It was just the challenge of being accepted as a coach or having people really realize what I'm doing. Because yeah, I ride around in a cart with pool noodles and hula hoops and all the most random things and people were just so weirded out by it, but I love breaking the barrier. And I love making my games super creative and super fun. So once they actually see the kids that are enjoying it, then it's even better. So, I think the challenge was just being so young and just also being a girl and I hate even saying proving myself, but proving that yeah, I am fully capable of doing this.


It's definitely gotten better throughout the years. And I don't know if that's just because I've been able to meet more people and they actually have an understanding of me or if it actually is getting better in general within the golf world. But those have been the biggest challenges.


What are your future aspirations in the industry?



I would love to compete in long drive. I actually just was talking to another gal that works out here who I ended up meeting up with and she does long drive. I've always been interested in it, but it's always super intimidating. But I've always wanted to do it, so long drive is definitely in the books. And definitely coming up with my own academy. I feel like that's really common for a lot of coaches. But it's really cool, because the best way that I've learned is from other coaches and other programs, so I'd love to come up with my own. My own clinic, my own academy, whatever that looks like, but I just want to be so outside of the box. So it's kind of seeing what everyone else is doing and taking that next step. I also want to get my LPGA card as well. So, that's in the books. I was going to start that last year, but COVID kind of messed things up with tournaments and stuff like that. But yeah, long drive, academy, and LPGA.


How do you think the golf industry benefits from having women in leadership positions?


I think it's amazing. I think it's a domino effect. The more our students see a woman as a leader is amazing. I think it only motivates them more. It's funny because it was almost the opposite for me growing up because all I had were male golf coaches. So, all through high school and all through my big time tournaments, that's all I knew. But I also had a coach growing up, her name was Kelli Corlett, and she was the First Tee program coordinator in Sacramento. And having her as a coach absolutely motivated me to do what I'm doing. It was her motivating me, but it was also the fact that my first golf coach was a male coach, and I thought, "How cool would it be if a woman did this...if I did this?"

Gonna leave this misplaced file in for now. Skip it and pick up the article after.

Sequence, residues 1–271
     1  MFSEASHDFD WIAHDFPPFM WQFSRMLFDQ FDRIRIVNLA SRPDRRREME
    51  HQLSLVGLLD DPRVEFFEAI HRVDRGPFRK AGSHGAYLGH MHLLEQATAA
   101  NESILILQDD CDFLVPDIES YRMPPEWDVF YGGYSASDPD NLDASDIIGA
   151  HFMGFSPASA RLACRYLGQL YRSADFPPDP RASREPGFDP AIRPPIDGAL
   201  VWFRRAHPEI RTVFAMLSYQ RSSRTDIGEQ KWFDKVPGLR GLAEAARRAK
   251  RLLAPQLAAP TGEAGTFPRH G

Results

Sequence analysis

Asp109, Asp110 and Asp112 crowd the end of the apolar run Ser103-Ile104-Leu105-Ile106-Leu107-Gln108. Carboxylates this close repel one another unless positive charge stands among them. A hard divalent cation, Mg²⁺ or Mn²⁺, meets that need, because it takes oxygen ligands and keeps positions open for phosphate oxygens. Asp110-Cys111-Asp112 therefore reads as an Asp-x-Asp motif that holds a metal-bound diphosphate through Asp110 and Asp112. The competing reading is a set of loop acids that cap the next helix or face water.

But I just feel like we're more creative and know how to have a good time out there. And all people see is PGA Tour or all you see if you look up YouTube videos of golf instructors, it's always this male coach that's doing this YouTube video of how to hold the club. So, I just think that the more we see it, the more motivation we'll have to just do it. I want to break the barrier of it being intimidating for a woman to go on the golf course. I think it's ridiculous. But the more that we see it, the more that we want to do it.


How do you think we can get more women working in the industry?


I think a lot of it starts with being more welcoming at courses. Whether it's more clinics or reaching out to college teams or high school teams. Kids are, especially these days, already thinking about their career when they're so young. You hear the common question of, "What do you want to be when you grow up?" So, I think it's just a matter of having it be more welcoming. And whatever that looks like for your course, whether that looks like a women's league that goes out or women's apparel or little things like that. But just making it a point that when they go to the golf course, they see it, and they know about it, and it's a thing. If we feel welcome, then we're definitely going to start looking into careers in that industry.


What advice or words of inspiration would you give young women just starting out their career in the golf industry?


It's so simple and I hate to pull off Nike, but just do it. You know what I mean? When I was 20 and I was just starting out, I was so nervous to do some things. I was nervous to go to some prestigious golf courses or I was nervous to promote my ideas. Even with my golf Instagram, I go so back and forth like, "Should I do it? No, I just don't have the time," or little things like that. But it's simply just doing it.


If you have an idea, roll with it. Trust yourself, whether you're trying to play in that tournament or whether you're just trying to play on the golf course for the first time. That's the cool thing about golf is that you don't necessarily need someone else to play the game. It's taken me a while to book a tee time as a single player and not worry about having to bring someone but you'll meet other people doing that. So, I think just getting out there and doing it is key. I know that sounds really simple. But for some, it's tough. Know that you are fully capable of doing it on your own and you will meet people along the way.


Thank you so much to Natalie for sharing her story! You can follow her journey on Instagram, @golfcoachnatalie, and remember to follow @golf.hers!


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Happy (almost) Spring to all my fellow New Englanders eager to play golf!